"We don't celebrate birthdays"
"I had one birthday a few decades ago.. when I was born. and that was that"
"Why is everyone always living in the past? I'm post-birthday celebrations"
"I have no desire to draw attention to myself"
"I don't celebrate birthdays... which allows me to still look the same as I did 10 years ago"
You've just read a small smattering of the excuses I've employed throughout the past [redacted] years in my efforts to avoid all displays of joy, celebration, and the general merriment that typically accompany the anniversary of a life's origin. This year however, I decided to try something different. I decided to have people over. I love my friends and I've been hella busy, so I hadn't seen a lot of them. Thus, the Kickback King was born.
So I got to work..
- I hired a party planning consultant
- called my mixiest friends
- secured corporate sponsors
- put &computers on a flier
- contracted out a digital design firm
- blocked out 45 minutes on my own calendar
- marketed the event
- text more friends my address
The night was a success, I caught up with old friends, met new people, connected total strangers, and had an excellent time. It was a true rager. And so, I write this piece in commemoration of one of my best birthday celebrations ever (low bar).
Attendance: Expectation != Reality
As the flyer notes, the party started at 8pm. Leaning on my planning consultant's infinite wisdom, we gave a time an hour earlier than what we really wanted because.. given my friends' cultural proclivities we just knew they'd be about an hour late.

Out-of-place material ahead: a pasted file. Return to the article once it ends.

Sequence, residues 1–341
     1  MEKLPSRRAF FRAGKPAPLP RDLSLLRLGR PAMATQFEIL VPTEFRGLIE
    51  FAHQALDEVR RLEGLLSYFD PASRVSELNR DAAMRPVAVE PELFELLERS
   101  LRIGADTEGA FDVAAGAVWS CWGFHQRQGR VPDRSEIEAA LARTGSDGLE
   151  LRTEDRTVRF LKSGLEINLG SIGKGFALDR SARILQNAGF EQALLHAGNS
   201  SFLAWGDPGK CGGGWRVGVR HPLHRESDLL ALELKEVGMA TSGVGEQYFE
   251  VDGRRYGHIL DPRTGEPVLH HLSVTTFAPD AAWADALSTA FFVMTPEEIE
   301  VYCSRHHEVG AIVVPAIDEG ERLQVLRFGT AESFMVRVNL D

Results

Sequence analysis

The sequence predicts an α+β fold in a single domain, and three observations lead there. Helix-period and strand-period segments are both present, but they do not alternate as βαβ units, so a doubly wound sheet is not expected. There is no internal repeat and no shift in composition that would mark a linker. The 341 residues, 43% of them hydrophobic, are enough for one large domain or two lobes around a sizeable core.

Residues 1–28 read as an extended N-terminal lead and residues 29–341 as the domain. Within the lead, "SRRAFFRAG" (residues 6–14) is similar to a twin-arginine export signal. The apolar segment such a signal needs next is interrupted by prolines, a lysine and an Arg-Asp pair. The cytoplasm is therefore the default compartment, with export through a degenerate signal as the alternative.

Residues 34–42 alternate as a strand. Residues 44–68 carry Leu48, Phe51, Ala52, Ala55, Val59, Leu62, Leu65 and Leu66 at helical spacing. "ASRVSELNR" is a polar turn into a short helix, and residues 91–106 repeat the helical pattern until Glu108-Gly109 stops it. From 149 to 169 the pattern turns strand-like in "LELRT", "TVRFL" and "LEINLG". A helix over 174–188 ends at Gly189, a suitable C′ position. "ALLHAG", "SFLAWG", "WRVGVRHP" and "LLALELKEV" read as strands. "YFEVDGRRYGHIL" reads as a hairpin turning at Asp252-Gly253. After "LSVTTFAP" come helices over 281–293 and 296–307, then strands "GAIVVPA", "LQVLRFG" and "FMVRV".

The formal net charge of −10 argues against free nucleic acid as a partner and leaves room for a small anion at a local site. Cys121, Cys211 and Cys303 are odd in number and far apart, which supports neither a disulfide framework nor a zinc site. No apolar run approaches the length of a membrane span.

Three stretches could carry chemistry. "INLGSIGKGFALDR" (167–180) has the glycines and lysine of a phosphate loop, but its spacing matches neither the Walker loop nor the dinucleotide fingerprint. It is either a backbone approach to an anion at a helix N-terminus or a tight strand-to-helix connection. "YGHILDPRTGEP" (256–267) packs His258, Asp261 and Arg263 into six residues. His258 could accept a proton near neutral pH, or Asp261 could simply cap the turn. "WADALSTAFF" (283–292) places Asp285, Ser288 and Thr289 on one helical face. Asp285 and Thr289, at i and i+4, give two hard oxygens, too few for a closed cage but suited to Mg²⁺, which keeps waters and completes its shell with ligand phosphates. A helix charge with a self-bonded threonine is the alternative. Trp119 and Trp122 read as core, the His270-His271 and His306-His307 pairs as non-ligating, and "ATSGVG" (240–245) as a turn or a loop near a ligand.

Since my apartment sucks and no one can get directly to my door, I had a text or a call indicating the arrival time of everyone at the party. I used these digital records to construct the distribution of party-goers over time. What the records showed is that while you might be expecting one thing, what actually happens could be entirely different. Here is a graphical representation of the difference between what we expected and what actually happened on the night of the party.
A couple of things to note.
- We expected people to be late, but not that late.
- People were still arriving after the advertised end of the party (12 am)
- More people at 2 am than at 8 pm indicates overnight guests... for good reason. (see next section)
At about 11:30 pm, near the peak of party attendance, we broke out the Taboo. We're drinking, we're laughing, we're talking shit... 3 of my favorite activites.
A couple of rounds pass and someone asks what the score is.. a response rings out: "27 to 13" they said.. "our lead". About 47 seconds later, as I slowly came to the realization that I was on the 13 point team, I knew something was horribly wrong. As a world-renowned-word-smithing-taboo-mvp, there is only one reason my team could ever not be winning. I. am. drunk.
Earlier that week, my aforementioned party consultant had the great idea to create our own Sangria. A fruity blend of sweet juice, liquor, and wine; the perfect complement to a sweltering summer afternoon.. served in my stuffy lil apartment in the middle of winter. 🙃
So. After a few (read: 5ish) cups of this sugary goodness, it occurred to me that I had no idea how strong it was relative to typical off-the-shelf drinks. Naturally, I also began to wonder if we had saved any money by making our own mixture.. Luckily, some dumpster diving enabled us to answer each of these questions. Behold, a recipe:
The above recipe yields 6+ liters of 8.4% alcohol by volume (abv) for about $42. Which for reference, is about 2x what you would pay for the same volume of beer, which we'll say is normally ~7% abv. At its core this recipe is juiced-down wine; easier to drink yet with slightly more alcohol than the typical brewski. Given that everyone likes juice, in my opinion, its a safer bet to make your own mix than just getting a bunch of beer for your next kickback. &computers party consulting at your service.
Lastly, some insights we gained from an analysis of the night's playlist. It's been linked below and is available for streaming on Spotify.
Energy, Valence, and Danceability
Did you know that Spotify makes a bunch of audio feature data available for each song?
There are a lot of features, but the 4 that I found to be the most interpretable were: